Sid Kouider on Partial Awareness

Cross-posted at Philosophy Sucks!

So much has been going on in nyc that I have had trouble keeping up with it. However I have a bit of free time today and wanted to jot down a few notes about Sid Kouider’s recent presentation at the CUNY CogSci Colloquium. Sid was addressing a topic close to my heart, which the the issue of phenomenological overflow (I am pretty sure his talk was based on his recent TICS paper). In his talk he first gave several arguments against the notion of overflow and then gave his account of what is going on in the cases at issue. 

One of his arguments was against the idea of inaccessible phenomenology in general. His idea seemed to be that phenomenology that was inaccessible could not, in principle, make any contribution to the awareness of the individual and so the fact that subjects were able to report that they had rich experiences was some evidence that they had at least some access to the information and so counted against the inaccessibility of those states. Ned Block objected that there was a confusion between something being inaccessible and something being necessarily un-accessed. Something is inaccessible (roughly) when there is no possibility that it could be accessed. Ned admitted that he probably does believe in inaccessible consciousness but was very clear that he does not think that the phenomenological overflow argument relies on this claim. Rather, the phenomenological overflow argument relies on the claim that some phenomenology is necessarily un-accessed at any given time. This is compatible with the claim that it could be accessed at some other time. So, the argument requires only that there is always more to what we are consciously experiencing at any given time than we can access not that there is some conscious experience that is completely inaccessible. 
I objected at this point that Sid’s argument seemed to withstand this point. In general I think that this distinction of Ned’s is useful for clearing up a potential confusion about how the argument is supposed to work but it does not abolish the point that Sid was making. In fact, this point has been made, in a slightly different way by David Rosenthal and myself (in the paper linked to above). Subjects report that they see a bunch of letters in the Sperling type cases and that they see all or most of the rectangles in the Sligte type cases so they must have at least partial access to the first-order state. Taking their reports at face value actually counts against the notion of overflow.
A large part of the discussion at this point centered on Sid’s argument that there is an observer effect here that should push us away from thinking about unaccessed phenomenology. His argument seemed to be that any way we could possibly test for it would run afoul of the confound that access was involved (a version of the methodological puzzle). A few people objected that Sid was raising the bar to high here and demanding standards which exceed those of ordinary science. Shouldn’t we avoid the trap of thinking that there is something special about consciousness and accept regular scientific standards of when it is and isn’t around? If so it seems we could overcome the observer effect by accumulating enough ‘circumstantial’ evidence to convince us one way or the other. Dave Chalmers at this point made a comparison to the way we think about tables and chairs. I know that there is a table here because I see it (I access it), and I can’t prove that it is there unless I access it, yet none the less I go on being reasonably confident that the table continues to exist when I am not accessing it. Might not the same be true for consciousness? For my part I think that this kind of thinking is often behind the intuitions of those who endorse phenomenological overflow but I don’t find it very convincing. I agree that I think the table is there when I am not looking at it, but I do not assume that the table is there as it appeared to me! That is, the table as unaccessed (unseen) does not look like the table that I see! The table as unaccessed is, according to our best theories, either a swarm of particles or a local collapse in a wave function, or what have you…this is not how it appears to me. So too, we can agree that the accessed thing is still there without thinking that it is there as it was when I accessed it. The qualitative state is there, but when unaccessed it is not like anything for me to have it and so there is no phenomenology present.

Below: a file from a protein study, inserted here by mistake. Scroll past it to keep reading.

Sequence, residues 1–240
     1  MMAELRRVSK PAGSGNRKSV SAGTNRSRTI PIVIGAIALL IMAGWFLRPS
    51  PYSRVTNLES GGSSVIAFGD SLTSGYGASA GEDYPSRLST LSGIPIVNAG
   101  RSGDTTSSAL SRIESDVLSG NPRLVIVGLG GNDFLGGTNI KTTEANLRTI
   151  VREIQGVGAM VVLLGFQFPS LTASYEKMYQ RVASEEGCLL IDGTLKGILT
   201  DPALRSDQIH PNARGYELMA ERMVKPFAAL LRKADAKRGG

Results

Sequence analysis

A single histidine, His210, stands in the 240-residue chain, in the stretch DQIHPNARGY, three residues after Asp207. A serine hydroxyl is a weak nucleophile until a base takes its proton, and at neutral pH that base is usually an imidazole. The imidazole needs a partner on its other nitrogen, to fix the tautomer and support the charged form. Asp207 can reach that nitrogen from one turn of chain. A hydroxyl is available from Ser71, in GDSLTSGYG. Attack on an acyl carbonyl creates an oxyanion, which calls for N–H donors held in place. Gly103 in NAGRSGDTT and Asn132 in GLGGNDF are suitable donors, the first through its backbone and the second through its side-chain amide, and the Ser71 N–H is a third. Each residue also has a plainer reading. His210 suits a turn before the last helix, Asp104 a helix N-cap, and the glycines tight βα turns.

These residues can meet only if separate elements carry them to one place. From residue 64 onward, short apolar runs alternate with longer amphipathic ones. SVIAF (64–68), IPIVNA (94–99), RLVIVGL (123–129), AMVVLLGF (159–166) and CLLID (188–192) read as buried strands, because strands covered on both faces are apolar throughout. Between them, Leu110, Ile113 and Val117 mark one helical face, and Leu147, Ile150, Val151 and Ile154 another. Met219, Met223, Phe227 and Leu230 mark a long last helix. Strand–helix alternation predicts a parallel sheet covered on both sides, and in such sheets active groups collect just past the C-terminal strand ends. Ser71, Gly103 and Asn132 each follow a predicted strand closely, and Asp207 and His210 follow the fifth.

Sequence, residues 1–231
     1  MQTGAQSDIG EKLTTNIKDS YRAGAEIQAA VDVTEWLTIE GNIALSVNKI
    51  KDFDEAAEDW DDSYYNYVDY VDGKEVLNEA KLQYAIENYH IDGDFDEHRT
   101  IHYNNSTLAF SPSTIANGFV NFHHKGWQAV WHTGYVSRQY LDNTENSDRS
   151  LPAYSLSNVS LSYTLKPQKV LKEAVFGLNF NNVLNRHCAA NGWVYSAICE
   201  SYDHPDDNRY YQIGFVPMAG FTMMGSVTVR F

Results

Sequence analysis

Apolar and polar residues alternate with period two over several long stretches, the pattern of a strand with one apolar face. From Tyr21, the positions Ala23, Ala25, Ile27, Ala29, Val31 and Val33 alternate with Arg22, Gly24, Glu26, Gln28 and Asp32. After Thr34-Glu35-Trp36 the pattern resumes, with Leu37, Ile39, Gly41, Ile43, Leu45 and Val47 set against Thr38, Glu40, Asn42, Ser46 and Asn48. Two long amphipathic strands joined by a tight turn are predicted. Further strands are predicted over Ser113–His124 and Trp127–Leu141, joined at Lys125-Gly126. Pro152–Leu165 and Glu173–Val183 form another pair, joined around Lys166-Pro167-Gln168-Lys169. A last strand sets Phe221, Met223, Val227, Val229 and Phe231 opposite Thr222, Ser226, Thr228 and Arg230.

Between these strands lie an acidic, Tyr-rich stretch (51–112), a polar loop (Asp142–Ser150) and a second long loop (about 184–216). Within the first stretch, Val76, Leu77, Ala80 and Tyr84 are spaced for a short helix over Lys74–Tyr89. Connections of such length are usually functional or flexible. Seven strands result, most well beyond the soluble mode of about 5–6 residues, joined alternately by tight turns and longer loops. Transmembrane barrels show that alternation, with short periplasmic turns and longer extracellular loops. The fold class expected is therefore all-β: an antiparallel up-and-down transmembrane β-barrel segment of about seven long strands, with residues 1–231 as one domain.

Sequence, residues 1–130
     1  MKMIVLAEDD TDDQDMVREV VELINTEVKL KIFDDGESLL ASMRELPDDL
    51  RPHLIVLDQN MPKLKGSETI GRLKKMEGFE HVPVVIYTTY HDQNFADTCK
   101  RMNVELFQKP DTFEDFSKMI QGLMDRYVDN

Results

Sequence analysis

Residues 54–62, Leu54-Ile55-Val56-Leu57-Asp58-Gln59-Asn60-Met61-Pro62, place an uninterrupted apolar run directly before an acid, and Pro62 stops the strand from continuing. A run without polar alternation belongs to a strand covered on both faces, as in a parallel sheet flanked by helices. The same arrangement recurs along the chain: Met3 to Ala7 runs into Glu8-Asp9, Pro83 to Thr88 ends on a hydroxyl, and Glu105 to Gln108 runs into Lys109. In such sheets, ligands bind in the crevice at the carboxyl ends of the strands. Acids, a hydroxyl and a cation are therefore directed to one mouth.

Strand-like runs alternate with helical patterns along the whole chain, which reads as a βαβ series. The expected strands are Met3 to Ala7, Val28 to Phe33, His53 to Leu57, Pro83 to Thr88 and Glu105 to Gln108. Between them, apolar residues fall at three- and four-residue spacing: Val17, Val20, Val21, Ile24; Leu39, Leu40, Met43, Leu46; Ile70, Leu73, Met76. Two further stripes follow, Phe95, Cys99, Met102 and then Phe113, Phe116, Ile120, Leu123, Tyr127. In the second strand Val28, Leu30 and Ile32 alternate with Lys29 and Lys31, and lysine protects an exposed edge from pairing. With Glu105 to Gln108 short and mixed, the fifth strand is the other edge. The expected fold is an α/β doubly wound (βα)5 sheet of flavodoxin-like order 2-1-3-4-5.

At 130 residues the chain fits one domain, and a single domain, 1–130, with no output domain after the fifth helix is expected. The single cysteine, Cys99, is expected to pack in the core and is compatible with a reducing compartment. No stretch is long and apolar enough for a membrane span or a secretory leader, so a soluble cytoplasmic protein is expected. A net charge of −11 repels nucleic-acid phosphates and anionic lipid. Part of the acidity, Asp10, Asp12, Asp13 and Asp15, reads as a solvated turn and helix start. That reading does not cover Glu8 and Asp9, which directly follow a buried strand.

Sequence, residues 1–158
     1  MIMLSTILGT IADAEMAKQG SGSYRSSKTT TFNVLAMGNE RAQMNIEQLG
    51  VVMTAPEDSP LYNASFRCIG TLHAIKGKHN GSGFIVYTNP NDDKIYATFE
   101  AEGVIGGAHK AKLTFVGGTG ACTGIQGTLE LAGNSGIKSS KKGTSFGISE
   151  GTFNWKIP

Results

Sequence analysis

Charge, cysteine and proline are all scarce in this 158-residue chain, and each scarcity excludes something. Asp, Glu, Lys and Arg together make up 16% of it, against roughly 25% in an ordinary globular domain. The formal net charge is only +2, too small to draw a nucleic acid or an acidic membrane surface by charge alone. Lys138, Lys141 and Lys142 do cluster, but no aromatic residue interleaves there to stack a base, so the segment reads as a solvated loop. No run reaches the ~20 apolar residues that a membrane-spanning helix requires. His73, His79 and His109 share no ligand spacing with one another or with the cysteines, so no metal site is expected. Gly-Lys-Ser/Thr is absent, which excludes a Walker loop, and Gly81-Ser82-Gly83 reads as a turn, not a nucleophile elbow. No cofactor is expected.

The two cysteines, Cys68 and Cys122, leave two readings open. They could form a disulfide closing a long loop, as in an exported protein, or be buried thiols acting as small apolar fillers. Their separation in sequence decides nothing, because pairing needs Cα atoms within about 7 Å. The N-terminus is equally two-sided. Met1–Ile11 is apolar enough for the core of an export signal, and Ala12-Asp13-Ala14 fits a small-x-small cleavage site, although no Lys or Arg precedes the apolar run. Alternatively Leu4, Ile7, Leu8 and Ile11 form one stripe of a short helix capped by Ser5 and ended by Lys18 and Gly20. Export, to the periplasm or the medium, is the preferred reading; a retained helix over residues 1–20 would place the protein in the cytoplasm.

Sid then went on to discuss his partial awareness hypothesis, which amounts to the claim that we can have access at many different levels. So, in the Sperling type cases, the subjects will have access to the semantic meanings of the letters in the cued row and only partial access to the letters in the uncured row. To have partial access is to access a lower stage of the processing hierarchy. For instance, he presented data that showed that subjects in a Stroop-like paradigm that were presented with fake color words (like ‘geren’) would treat them like color words (i.e. exhibit strop interference) only when they expected that there were going to be some color words (strong prior confidence) and also were in conditions where the words were very hard to detect (see his paper for details).